Wheels with several spokes rotate, and boats fly back and forth, weaving single fibers into unique works of art. Clothes are gradually falling from the clatter of knitting needles, and observers are warned to watch the fur.

All of this and more will bring dozens of weavers, spinners, knitters and other fiber craftsmen to Gettysburg College on July 7-10 for the 2011 Mid-Atlantic Fiber Association Conference.

The conference, which is held every other year, gives regional fiber craftsmen the opportunity to set up a network, take classes, learn new skills and spend a lot of money on tools and supplies.

The Mid-Atlantic Fiber Association (MAFA) is a group of fiber guilds in eight states, including Delaware, Maryland, North Carolina, New Jersey, New York, Pennsylvania, Virginia and West Virginia, and the District of Columbia. A guild member can focus on weaving, spinning, crocheting, knitting or some combination of the four. With a national conference held every even year, regional guilds hold their conferences in odd years.

The MAFA first arrived in Gettysburg in 2009 with a successful regional conference attended by 90 students and 20 faculty members. Amazed by the terrain, the organizers decided to return in 2011.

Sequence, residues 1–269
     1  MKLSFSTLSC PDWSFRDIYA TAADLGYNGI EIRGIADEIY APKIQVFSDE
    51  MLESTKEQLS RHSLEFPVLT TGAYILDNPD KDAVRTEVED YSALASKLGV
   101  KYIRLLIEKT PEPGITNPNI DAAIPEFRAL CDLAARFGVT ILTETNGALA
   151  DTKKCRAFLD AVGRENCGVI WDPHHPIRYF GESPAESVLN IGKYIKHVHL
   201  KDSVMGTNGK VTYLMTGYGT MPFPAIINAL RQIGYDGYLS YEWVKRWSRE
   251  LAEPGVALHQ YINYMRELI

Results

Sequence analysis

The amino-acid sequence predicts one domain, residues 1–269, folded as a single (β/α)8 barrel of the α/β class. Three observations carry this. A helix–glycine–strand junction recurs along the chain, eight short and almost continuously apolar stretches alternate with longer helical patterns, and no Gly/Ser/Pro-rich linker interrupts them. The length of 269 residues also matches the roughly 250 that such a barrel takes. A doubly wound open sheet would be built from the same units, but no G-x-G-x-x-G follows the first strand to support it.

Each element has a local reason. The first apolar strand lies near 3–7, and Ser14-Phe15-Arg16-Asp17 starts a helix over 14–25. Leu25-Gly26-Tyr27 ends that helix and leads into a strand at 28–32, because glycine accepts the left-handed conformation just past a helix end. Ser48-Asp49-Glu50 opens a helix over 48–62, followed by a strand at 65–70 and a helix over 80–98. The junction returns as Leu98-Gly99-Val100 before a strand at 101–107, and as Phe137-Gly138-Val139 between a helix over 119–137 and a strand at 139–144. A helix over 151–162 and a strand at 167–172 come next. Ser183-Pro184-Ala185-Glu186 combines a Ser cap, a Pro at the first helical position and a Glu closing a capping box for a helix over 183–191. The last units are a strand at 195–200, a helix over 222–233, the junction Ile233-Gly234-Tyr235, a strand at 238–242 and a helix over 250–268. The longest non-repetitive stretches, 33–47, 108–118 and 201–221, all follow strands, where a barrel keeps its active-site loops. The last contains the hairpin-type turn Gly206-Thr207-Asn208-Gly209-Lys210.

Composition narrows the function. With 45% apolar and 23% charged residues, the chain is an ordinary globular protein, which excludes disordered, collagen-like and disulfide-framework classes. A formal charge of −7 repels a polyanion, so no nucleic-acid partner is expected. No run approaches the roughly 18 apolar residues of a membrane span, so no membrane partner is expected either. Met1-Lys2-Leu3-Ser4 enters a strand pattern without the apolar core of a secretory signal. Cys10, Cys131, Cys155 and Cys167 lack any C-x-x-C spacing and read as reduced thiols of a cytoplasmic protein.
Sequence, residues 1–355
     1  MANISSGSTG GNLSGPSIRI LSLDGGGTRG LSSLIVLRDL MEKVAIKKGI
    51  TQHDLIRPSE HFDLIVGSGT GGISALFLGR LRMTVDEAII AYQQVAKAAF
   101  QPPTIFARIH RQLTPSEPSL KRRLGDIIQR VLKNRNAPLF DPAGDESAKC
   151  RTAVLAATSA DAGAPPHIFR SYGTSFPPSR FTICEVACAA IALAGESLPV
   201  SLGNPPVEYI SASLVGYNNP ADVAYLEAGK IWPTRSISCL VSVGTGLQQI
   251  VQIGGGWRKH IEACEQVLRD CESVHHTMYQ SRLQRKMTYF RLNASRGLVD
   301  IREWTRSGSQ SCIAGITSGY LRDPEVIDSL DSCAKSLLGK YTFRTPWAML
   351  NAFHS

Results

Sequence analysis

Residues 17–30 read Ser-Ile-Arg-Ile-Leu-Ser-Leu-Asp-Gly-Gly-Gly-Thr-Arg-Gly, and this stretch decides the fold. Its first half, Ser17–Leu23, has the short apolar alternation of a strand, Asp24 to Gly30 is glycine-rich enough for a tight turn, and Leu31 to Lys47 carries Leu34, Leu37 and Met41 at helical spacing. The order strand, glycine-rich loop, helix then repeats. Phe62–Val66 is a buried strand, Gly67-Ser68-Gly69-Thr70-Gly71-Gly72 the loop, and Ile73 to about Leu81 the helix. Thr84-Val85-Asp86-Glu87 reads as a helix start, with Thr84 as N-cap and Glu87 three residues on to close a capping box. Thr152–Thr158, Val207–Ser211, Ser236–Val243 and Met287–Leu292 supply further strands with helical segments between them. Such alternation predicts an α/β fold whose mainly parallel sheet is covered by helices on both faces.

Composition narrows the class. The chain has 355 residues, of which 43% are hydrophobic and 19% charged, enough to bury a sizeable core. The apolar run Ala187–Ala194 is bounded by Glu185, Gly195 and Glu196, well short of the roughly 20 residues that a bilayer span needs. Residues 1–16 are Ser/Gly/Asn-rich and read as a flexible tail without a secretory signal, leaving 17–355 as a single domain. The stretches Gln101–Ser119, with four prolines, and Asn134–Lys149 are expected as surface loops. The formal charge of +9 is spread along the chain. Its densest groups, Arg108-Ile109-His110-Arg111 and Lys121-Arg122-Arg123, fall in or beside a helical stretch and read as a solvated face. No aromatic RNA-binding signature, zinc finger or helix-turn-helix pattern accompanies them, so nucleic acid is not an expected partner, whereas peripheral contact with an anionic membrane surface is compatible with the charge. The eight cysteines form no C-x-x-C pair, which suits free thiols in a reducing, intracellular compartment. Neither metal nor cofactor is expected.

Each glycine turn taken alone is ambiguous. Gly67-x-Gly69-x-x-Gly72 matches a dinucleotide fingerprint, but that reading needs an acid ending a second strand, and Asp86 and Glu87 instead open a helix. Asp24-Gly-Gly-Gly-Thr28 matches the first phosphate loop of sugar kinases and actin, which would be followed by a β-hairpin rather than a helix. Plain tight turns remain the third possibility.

“Gettysburg is a gold mine for us,” said Katie Olson, a weaver from Gettysburg, about her decision to stay in Gettysburg. Olson is responsible for coordinating the vendor hall, which will take place in the dance hall at Gettysburg College during the conference.

The 2011 conference offers an expanded choice for fiber lovers. “We have 30 instructors planned, and 12 vendors have signed up so far,” Olson said. “We hope there will be 200 students.”

Classes planned at the conference include advanced topics and methods of weaving, the study of solid looms and historical examinations of weaving and fabrics taught by a contingent of talented teachers. Other classes cover beginners and advanced spinning, color theory studied through dyeing, tapestry, felting, and sculptural knitting and crocheting.

Between and after classes, visitors are invited to visit the vendors’ hall, which presents goods and services offered by regional and national suppliers of fiber and tools. The working hours of the vendors are currently not specified, but Olson indicates that they will work extensively during the conference.

“When students come to such a conference, they feel so inspired that they feel the need to go out and buy yarn, fleece, roving or anything else,” Olson said of the availability of suppliers.

Shopping is not limited to students. Members of the public can come and indulge in fancy and shopping during the conference, and admission to the vendors’ hall is free.

Registration for the conference is still available, regular tuition is available until May 1 and the tuition increase until June 15. The tuition fee is $ 525 for accommodation, meals and registration with local suburban tuition for $ 400. Other fees are related to late registration and non-membership in the MAFA. Classes are available in the order that first came. For more information, a full schedule of events and to register, visit
mafafiber.org.

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